Last edited: Feb 3, 2014
  19. Duane

    Duane Captain Captain

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    Very cool. Thanks for sharing.
     
  20. Bixby

    Bixby Captain Captain

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    I am aware of this rule. I'm also aware that Roddenberry and others came up with this when TNG was supposed to be more like its season one, stand-alone episodes and, like the original Star Trek, always stay out in deep space and likely never focus on Earth nor showcase Starfleet physically. But with television series being affected by the Hill Street Blues effect (continued storylines, overall arch, some soap elements, etc.) this was all changed...except some of those in charge, namely Rick Berman (the ''producer'' mentioned in Maurice's letter), never adapted that edict to the sweeping changes made in late 80s television and their own series.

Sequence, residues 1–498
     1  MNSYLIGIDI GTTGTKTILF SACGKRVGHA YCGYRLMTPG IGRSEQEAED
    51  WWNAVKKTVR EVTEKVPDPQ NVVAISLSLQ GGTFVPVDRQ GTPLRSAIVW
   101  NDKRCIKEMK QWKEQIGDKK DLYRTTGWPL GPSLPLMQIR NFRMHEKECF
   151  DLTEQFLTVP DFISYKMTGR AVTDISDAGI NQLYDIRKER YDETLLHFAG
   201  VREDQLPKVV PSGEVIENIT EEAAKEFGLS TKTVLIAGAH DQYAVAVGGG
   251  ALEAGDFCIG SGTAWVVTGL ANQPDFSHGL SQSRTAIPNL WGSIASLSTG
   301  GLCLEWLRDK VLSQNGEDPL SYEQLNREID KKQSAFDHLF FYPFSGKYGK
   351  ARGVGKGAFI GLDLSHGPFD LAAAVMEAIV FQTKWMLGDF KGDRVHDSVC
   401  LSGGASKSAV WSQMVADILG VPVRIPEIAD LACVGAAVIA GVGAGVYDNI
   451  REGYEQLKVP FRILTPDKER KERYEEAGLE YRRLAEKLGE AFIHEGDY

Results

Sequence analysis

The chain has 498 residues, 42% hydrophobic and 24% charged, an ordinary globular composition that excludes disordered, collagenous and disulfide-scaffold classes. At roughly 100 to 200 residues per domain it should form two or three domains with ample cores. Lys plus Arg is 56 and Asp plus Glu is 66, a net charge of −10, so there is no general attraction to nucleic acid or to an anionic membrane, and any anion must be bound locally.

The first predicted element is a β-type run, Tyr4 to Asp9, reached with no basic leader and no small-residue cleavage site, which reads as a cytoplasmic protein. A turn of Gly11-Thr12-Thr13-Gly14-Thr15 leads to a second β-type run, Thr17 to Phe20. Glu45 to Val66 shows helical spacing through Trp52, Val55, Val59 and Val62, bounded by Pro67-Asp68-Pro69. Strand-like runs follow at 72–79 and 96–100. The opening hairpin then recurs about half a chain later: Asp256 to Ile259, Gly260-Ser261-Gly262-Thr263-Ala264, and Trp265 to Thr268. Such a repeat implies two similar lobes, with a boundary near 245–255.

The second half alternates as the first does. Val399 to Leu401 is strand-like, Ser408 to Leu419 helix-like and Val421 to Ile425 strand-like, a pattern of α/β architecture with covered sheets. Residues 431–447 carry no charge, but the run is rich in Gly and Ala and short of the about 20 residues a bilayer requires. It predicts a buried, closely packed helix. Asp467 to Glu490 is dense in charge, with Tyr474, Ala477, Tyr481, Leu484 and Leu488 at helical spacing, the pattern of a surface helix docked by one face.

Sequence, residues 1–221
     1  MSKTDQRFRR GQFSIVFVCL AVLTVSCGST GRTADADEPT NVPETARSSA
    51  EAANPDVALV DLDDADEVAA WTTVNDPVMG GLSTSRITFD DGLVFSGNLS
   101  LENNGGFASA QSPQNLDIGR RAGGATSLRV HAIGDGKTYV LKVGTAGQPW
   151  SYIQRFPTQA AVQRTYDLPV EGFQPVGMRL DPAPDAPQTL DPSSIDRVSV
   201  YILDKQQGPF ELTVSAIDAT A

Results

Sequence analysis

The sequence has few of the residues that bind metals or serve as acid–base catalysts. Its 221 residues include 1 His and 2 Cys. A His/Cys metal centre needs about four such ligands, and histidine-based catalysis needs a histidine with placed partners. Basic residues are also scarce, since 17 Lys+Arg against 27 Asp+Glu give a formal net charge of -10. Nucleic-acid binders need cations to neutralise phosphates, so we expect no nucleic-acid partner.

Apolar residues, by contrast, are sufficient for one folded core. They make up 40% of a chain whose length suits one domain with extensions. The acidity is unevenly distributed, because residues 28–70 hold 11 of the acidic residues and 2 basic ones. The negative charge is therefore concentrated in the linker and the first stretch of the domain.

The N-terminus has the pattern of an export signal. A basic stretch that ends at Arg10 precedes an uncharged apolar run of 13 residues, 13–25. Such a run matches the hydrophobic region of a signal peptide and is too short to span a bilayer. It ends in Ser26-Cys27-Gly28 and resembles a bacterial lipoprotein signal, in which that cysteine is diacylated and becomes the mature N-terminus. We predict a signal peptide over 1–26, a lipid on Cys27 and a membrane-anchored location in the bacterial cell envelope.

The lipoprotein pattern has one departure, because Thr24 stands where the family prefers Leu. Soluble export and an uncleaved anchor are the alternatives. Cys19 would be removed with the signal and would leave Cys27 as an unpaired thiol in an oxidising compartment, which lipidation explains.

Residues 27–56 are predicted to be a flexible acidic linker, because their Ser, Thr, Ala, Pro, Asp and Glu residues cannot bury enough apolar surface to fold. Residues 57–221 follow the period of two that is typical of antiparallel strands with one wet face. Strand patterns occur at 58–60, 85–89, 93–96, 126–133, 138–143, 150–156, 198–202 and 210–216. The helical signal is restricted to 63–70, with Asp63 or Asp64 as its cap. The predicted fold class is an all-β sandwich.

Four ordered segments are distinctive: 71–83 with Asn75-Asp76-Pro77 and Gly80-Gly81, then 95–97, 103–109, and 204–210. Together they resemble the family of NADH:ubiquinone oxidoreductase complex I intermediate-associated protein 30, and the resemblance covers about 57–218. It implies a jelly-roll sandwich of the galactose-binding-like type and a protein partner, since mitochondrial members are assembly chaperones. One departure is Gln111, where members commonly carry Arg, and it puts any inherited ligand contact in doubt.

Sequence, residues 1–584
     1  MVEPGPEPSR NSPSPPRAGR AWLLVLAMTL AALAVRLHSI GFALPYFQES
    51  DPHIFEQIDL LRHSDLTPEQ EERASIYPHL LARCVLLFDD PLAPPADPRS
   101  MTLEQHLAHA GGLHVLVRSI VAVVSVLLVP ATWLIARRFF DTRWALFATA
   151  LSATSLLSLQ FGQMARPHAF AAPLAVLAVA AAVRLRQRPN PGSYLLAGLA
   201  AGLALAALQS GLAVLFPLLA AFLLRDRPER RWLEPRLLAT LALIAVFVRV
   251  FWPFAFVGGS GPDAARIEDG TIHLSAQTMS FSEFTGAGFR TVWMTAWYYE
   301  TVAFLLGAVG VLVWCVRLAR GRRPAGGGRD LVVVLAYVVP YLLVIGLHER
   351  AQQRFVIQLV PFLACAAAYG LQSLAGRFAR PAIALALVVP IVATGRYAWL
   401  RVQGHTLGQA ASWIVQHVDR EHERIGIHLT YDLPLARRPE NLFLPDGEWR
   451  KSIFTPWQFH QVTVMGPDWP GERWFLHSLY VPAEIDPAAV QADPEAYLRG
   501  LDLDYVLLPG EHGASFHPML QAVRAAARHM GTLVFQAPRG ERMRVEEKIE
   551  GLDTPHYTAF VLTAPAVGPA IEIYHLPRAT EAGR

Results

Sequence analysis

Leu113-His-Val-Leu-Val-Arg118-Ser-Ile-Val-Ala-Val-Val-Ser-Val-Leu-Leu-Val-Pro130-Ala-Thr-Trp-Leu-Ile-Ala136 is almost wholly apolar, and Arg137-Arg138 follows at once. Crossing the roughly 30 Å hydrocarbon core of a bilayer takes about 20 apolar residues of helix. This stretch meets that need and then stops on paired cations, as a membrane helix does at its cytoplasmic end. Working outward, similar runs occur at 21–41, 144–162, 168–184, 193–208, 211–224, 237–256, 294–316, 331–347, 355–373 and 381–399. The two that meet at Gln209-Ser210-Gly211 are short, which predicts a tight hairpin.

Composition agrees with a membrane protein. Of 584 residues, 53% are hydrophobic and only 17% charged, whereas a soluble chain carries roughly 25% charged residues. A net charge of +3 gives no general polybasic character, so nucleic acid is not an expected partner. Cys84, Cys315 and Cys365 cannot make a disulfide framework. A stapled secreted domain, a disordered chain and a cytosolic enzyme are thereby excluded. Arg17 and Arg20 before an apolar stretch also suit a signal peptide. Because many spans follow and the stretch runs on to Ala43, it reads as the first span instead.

I admit my arrogance re: TNG characters, sorry if it rankles many of you, though I do have great affection for the first 6 seasons of DS9.

    But I got plenty annoyed with the mention in Maurice's letter about Rick Berman's dislike for TOS ''gimmicks'' (what the hell is that?)...A good story is a good story is a good story...If a stellar writer like Alan Moore (yes, the British comics writer) can craft amazingly textured, mature and thought-provoquing stories out of what many might perceive as childish concepts in american/british comic books, then why can't his writers do the same for Andorians and Gorns?...

    That he did not bother to try tells me that he, Rick Berman, was NOT doing his job, which was to grow his audience numbers as best he can by rethinking what does or does not work, as evidenced with latter-day Voyager and Enterprise's constant ratings plummet.

    But again, sorry for my harsh words about TNG...I did like many aspects of it, but disliked quite a bit as well...